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Glass in Vial Forces Indian Multinational Drug Company Aurobindo to Recall Products In U.S.

Two subsidiaries of Indian pharmaceutical companies Aurobindo Pharma and Zydus Lifesciences voluntarily took two drugs off the market in late September.

Aurobindo recalled 1,626 vials of Triamcinolone Acetonide Injectable Suspension, an important generic corticosteroid treatment used to take care of numerous ailments, from arthritis to intestinal disorders. The product was recalled by Eugia US LLC, a 100 percent owned subsidiary of Aurobindo Pharma Ltd, and was initiated on September 28. The product will be recalled voluntarily by the company nationwide in the U.S.

The product was manufactured at Aurobindo’s labs in India. It was recalled due to “a piece of glass identified in a vial,” the FDA said.

Then there is Zydus. They recalled 7,248 bottles of Oxybutynin Chloride Extended-Release Tablets, used to treat urinary conditions. The voluntary recall was initiated on September 21, with tablets of 100 grams and 500 grams recalled because the pill did not dissolve properly.

The product was manufactured at Cadila Healthcare in India and is distributed by a wholly owned subsidiary of Zydus Lifesciences, known as Zydus Pharmaceuticals USA. Many of the big generic drug brands people see when driving through New Jersey and elsewhere are often either research & development facilities, or just used as marketing, sales and distribution centers for imported drugs.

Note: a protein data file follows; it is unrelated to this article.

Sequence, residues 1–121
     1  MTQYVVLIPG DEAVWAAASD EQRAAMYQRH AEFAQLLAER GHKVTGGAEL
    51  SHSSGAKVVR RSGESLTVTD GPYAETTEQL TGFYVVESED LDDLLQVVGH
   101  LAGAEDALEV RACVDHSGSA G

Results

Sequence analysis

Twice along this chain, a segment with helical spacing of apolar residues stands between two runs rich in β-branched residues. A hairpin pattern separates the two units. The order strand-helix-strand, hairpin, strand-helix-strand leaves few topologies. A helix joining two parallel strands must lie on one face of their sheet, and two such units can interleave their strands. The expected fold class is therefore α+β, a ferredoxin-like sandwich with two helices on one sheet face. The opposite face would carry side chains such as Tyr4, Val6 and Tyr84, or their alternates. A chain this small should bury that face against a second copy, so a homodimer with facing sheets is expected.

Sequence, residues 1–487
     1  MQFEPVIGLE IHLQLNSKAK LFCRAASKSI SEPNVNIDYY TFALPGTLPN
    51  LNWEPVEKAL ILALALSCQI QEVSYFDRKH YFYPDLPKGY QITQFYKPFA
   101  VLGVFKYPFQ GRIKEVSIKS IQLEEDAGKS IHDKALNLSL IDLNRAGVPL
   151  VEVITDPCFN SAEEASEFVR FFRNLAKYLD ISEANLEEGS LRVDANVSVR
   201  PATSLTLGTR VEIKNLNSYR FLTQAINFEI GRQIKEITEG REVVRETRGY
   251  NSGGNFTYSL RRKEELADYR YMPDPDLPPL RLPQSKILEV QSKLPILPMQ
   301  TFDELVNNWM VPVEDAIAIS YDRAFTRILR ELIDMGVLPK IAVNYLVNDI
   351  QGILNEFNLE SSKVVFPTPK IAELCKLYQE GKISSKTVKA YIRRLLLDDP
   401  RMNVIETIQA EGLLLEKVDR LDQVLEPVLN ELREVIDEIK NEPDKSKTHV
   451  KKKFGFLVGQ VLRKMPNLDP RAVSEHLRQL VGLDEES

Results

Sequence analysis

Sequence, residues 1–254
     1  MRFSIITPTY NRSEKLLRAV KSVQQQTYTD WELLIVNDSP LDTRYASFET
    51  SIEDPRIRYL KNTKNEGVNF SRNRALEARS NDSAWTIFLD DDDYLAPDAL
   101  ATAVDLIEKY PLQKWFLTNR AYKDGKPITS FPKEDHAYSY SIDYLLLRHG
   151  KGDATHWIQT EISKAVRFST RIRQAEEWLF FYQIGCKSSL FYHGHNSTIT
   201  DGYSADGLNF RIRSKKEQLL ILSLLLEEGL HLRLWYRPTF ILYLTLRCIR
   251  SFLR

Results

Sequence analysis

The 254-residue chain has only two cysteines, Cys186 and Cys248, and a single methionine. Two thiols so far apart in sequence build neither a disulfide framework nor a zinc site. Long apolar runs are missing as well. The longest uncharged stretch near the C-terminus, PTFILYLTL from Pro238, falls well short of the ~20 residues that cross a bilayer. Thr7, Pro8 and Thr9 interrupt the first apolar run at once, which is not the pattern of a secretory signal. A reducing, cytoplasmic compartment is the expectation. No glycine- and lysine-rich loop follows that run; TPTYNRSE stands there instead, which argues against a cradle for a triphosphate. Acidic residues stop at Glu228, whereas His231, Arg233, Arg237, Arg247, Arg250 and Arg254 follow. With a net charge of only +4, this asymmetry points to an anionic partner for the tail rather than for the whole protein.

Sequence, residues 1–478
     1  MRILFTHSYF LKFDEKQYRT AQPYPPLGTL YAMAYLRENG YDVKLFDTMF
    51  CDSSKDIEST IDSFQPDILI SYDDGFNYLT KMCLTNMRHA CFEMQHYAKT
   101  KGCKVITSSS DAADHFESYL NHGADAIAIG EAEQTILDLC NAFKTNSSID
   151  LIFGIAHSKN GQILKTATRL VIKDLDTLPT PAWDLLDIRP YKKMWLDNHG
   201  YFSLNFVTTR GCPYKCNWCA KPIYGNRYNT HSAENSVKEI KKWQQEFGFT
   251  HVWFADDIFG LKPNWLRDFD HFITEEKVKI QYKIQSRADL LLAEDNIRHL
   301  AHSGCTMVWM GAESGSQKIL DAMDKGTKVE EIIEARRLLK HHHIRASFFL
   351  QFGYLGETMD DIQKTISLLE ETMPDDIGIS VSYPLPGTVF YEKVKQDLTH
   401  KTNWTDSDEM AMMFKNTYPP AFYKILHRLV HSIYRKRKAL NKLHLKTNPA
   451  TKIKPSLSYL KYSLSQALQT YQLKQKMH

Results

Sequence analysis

In January, Aurobindo’s Eugia US recalled Acyclovir Sodium Injections, often used to treat sexually transmitted infections. Some 45,000 vials sold in the U.S. were found by the lab to be contaminated with particulate matter. The Class II recall took that drug off the market this year.

Dozens of drugs are voluntarily recalled nationwide, every day. According to the FDA, some 6,261 biologics, generic drugs and drug delivery products were recalled this year so far, versus 5,862 in 2022. Most recalls are voluntarily and not done due to FDA inspectors finding faulty products. It is up to the manufacturer to notify the supply chain, and the FDA, who in turn notifies the public. The majority of recalls are considered Class II, though there are hundreds (around 250 this year) of Class I recalls annually and these are the most dangerous products for patients.

The FDA has better access, however, to domestic labs and can visit them unannounced. This makes it easier to pressure manufacturers to make high quality, safe products. Although the FDA does inspect labs in India, it does so less often and is more dependent on the labs recalling faulty products.

Numerous Indian labs, including Aurobindo labs, have been on the receiving end of Warning Letters during the sporadic FDA visits in the last year. Aurobindo’s labs were inspected twice this year, once in May and again in July. In July, the FDA reported that it found “buildings were not clean or in a sanitary condition” and that the lab lacked “written procedures for the cleaning and maintenance of equipment.”

We are a group of doctors, patients, health care industry experts, and advocates fighting to ensure all generic medicines are safe, affordable, and always available. Unsafe generic drugs from foreign manufacturers in China and India have been sold in the U.S that have been contaminated with carcinogens and fake ingredients, fall apart when tested, and don’t work as they should. We are fighting back to ensure all generic medicines are safe, affordable, and always available. We want every American to be able to trust the generics they take—every pill, every vial, every time.


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